In accordance with the invention, the lens body has a first distance power correction region of circular periphery in the central portion thereof, surrounded in succession by a concentric near power correction annular region and a concentric second distance power correction annular region. Preferably, the diameter of the first distance power correction region is in the range 0.5 mm to 1.5 mm. Also, preferably, the near power annular region again has an area which is substantially equal to half the pupil area of the eye under average reading light conditions.

The described lens has substantially the advantages of the lens as previously set forth (i.e., with the two concentric regions), but also with enhanced distance vision in bright light. Under bright conditions, when the pupil is small, the small central distance power region will be helpful in achieving good distance vision. This zone provides additional distance power correction and is small enough that its depth of field will be sufficient to merge the image therefrom with the image from the near vision correction region, without undue degradation of near vision.

Further features and advantages of the invention will become more readily apparent from the following detailed description when taken in conjunction with the accompanying drawings.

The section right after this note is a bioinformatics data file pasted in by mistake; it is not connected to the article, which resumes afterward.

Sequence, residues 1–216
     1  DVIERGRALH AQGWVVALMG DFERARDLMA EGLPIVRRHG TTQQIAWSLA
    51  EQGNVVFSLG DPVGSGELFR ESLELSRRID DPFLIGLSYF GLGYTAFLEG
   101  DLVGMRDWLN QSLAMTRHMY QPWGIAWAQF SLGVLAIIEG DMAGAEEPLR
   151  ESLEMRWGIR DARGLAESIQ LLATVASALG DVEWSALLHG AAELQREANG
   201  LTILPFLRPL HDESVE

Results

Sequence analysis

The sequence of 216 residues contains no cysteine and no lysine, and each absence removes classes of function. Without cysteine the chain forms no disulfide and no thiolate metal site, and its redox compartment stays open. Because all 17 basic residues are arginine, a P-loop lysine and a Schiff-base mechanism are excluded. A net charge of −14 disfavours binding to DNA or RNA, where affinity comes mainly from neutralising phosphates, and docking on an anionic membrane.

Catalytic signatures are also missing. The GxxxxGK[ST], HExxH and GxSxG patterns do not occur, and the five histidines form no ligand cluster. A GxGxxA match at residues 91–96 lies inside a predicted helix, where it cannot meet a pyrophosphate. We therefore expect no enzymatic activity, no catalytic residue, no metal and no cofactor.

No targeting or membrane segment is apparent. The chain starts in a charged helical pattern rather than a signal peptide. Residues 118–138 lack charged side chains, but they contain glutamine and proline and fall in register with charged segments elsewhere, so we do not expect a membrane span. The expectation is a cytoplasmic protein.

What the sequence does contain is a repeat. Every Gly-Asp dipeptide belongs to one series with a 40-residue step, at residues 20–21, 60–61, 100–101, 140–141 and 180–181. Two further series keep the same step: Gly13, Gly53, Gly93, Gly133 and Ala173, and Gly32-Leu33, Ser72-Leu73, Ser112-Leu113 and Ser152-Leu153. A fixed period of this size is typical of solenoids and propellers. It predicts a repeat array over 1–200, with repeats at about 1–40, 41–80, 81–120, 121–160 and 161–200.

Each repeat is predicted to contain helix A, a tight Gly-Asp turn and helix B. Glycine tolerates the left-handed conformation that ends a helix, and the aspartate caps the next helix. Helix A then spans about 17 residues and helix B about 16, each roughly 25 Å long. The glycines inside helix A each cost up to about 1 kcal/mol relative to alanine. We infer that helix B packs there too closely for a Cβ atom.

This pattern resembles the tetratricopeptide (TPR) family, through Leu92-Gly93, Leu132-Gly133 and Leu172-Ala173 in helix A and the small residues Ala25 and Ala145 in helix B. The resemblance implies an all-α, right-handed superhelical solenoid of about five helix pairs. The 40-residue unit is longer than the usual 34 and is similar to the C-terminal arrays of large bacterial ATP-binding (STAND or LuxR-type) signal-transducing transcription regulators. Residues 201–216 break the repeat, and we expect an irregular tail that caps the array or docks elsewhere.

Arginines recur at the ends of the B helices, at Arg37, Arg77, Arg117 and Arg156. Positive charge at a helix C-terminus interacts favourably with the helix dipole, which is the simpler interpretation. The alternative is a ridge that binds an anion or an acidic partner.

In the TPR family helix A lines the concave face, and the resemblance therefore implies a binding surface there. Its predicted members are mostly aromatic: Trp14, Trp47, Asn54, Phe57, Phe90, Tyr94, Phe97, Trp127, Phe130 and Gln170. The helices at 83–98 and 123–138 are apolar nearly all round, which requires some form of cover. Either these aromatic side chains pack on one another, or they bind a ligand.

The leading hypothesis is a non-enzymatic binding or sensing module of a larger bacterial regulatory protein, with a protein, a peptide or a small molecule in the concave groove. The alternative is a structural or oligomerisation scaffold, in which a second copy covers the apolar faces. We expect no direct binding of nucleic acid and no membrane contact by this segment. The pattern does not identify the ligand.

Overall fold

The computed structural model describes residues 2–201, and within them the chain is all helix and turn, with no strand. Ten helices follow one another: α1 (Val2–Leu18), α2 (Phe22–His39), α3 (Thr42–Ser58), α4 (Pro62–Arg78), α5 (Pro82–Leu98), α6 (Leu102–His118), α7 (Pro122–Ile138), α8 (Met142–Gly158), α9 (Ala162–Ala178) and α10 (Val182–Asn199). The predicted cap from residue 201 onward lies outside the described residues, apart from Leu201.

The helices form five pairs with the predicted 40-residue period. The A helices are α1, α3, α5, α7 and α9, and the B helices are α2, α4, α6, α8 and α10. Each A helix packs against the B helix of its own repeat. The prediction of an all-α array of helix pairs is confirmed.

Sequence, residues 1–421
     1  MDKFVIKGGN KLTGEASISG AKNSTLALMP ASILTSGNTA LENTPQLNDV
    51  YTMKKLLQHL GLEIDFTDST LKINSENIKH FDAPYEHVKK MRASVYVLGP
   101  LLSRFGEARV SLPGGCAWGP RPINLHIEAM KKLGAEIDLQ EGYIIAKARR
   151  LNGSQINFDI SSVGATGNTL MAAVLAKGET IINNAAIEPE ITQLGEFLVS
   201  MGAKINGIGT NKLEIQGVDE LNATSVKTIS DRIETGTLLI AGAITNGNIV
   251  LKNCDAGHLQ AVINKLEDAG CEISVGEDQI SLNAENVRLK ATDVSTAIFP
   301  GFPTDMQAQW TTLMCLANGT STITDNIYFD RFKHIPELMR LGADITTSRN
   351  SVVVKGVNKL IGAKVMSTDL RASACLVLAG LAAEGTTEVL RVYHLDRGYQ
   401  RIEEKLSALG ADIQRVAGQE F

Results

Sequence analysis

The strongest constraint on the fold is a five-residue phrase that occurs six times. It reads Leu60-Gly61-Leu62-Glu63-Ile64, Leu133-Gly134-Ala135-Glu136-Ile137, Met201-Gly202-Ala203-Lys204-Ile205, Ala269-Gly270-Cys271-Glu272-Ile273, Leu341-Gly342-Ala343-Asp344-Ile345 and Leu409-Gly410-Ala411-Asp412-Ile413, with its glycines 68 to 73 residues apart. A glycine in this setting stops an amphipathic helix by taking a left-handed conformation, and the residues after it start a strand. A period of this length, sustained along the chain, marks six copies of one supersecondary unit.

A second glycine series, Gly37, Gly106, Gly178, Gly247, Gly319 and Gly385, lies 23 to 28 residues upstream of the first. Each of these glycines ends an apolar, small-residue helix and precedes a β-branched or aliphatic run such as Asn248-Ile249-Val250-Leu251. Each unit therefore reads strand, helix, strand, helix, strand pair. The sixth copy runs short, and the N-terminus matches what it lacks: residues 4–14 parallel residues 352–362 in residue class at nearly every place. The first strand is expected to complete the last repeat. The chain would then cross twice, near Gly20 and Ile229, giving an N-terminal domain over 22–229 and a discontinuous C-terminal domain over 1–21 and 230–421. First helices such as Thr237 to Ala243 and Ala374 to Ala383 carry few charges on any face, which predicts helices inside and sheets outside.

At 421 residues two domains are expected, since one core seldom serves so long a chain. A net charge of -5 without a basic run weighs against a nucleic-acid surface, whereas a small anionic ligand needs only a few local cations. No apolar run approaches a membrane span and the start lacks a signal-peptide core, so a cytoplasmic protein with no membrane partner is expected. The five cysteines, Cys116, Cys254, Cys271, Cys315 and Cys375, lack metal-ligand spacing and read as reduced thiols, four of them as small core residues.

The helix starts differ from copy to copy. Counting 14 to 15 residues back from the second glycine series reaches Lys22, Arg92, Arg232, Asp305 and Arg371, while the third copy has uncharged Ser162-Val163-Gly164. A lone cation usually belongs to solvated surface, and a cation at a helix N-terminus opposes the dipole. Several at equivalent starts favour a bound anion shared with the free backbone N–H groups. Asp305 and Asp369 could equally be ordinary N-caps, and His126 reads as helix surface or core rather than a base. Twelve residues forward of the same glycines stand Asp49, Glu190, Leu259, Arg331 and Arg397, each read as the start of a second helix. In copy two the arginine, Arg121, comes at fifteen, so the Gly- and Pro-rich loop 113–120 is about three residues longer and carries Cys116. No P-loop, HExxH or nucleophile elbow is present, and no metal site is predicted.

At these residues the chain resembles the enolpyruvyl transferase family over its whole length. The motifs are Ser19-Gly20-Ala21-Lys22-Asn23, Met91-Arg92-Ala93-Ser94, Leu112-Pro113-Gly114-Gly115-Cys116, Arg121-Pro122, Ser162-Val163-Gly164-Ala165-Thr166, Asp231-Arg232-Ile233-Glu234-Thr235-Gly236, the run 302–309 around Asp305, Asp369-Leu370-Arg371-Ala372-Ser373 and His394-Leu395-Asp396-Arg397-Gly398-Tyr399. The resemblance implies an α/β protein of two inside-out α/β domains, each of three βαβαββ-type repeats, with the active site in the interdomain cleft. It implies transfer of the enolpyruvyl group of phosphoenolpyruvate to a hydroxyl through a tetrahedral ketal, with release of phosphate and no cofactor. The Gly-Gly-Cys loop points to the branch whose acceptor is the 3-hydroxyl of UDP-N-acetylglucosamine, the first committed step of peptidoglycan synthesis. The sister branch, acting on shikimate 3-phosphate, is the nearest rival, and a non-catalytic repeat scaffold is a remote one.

BRIEF DESCRIPTION OF THE DRAWINGS

FIG. 1 shows a cross-section and a plan view of a bifocal corneal contact lens as set forth in my abovereferenced copending application.

FIG. 2 shows the plan view of the FIG. 1 embodiment, superimposed over the pupil of a patient's eye.

FIG. 3 shows a cross-section and a plan view of a bifocal corneal contact lens in accordance with an embodiment of the invention.

DESCRIPTION OF THE PREFERRED EMBODIMENT

Referring to FIG. 1, there is shown a diagram of a bifocal corneal contact lens as set forth in the abovereferenced copending application. A lens body 10 is formed of a single piece of plastic material, such as silicone acrylate. The rear surface 21 of the lens body, has a symmetrical curve, so that the lens can have a central fit on the corneal surface, and it is designed to be stable on the eye.